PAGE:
Thyroid eye disease treatments involve two phases;

  • first, when the inflammation is active phases
  • second, to correct eye changes after the inflammation has subsided.

Active phase

In January 2020, the FDA approved the first medication to specifically treat thyroid eye disease. The medication is a human-derived monoclonal antibody, which blocks the inflammatory activity of an enzyme known as insulin-like growth factor-1 receptor (IGF-1R) and reduces inflammation in the eyes. The medication approved by FDA is:

  • Teprotumumab (Tepezza)

Symptom-based treatments during the active phase include:

  • Dry eyes:
    • Use of artificial tears and sunglasses during the day
    • Eye ointments in the night
    • Using eye pads or keeping eyes taped close to protect and keep them moist.
  • Swelling:
    • Selenium supplements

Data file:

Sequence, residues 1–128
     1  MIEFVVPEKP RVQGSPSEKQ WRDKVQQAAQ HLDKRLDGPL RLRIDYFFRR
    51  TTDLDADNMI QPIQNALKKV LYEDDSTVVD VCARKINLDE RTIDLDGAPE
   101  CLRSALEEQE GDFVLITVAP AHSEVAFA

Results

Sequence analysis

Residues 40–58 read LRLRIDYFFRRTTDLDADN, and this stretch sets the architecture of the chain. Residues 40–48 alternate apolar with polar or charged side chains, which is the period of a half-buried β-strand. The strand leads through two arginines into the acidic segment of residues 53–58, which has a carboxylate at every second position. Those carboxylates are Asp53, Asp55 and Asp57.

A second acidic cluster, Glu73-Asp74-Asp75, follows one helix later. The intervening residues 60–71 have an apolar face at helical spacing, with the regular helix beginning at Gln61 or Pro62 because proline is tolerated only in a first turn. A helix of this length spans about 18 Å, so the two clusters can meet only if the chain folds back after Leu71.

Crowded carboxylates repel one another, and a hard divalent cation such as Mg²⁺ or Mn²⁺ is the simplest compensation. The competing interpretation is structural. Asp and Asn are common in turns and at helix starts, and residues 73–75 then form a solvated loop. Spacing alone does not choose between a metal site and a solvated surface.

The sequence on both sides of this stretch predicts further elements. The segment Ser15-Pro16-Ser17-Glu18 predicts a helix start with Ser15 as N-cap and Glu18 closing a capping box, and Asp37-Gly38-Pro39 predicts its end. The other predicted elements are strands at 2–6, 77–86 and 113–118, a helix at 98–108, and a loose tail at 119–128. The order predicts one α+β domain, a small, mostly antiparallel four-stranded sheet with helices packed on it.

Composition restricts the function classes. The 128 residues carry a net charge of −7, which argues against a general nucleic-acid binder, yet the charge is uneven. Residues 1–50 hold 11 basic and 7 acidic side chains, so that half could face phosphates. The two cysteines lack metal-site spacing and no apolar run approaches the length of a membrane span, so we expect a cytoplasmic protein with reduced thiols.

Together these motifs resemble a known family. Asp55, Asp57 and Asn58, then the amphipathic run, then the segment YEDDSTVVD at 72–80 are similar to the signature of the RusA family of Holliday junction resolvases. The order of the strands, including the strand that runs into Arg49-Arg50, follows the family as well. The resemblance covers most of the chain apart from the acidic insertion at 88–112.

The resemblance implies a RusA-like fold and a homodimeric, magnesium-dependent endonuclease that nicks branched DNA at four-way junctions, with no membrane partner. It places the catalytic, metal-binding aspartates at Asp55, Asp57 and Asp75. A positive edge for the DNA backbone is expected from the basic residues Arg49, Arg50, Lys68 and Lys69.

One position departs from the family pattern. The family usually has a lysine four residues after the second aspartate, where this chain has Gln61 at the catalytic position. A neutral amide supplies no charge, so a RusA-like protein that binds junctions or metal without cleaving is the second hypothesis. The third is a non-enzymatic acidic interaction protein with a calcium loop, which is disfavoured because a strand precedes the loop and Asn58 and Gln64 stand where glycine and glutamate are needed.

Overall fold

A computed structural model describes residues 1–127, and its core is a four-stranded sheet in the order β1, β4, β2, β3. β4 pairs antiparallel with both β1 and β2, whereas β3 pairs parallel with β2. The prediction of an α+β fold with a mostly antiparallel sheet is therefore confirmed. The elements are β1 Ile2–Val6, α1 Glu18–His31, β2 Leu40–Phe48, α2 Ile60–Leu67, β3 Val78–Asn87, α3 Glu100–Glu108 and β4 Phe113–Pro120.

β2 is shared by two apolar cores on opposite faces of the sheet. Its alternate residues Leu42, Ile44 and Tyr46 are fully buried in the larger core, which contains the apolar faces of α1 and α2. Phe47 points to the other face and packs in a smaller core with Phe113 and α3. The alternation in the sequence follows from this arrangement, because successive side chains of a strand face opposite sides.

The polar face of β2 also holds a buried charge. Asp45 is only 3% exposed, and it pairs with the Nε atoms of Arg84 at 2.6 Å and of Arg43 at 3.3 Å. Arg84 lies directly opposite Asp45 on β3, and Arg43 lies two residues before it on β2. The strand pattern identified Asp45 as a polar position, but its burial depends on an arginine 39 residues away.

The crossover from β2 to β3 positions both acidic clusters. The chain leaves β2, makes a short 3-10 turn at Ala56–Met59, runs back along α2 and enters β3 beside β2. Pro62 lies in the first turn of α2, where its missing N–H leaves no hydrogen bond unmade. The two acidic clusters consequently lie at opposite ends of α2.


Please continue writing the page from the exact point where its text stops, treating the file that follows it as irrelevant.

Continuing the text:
• Sleeping with the head elevated
    • Steroids such as prednisone
    • Radiotherapy to the tissue at the back of the eyes
  • Double vision:
    • Use of special glasses with prisms

Remission phase

After remission is achieved, treatments for thyroid eye disease are usually surgical procedures to correct changes to the eyes caused by the disease. Surgeries may include one or more of the following, depending on the patient’s condition:

  • Eyelid surgery: Eyelid surgery may be required to reposition the eyelids if the eyeballs are protruding and it is difficult to close the eyes completely.
  • Eye muscle surgery: Scar tissue from inflammation can make the eye muscle short and stiff and cause misalignment of the eyes which can result in double vision. Eye muscle surgery is performed to realign the eye muscles and correct double vision.
  • Orbital decompression surgery: Swollen tissue at the back of the eyes can compress the optic nerve and compromise vision. Orbital decompression surgery involves the removal of a bone between the eye orbit and sinuses to make space for the swollen tissue and remove the pressure from the optic nerve.


Hyperthyroidism: Symptoms, Treatment, Medication
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Medically Reviewed on 4/2/2021


Graves’ Eye Disease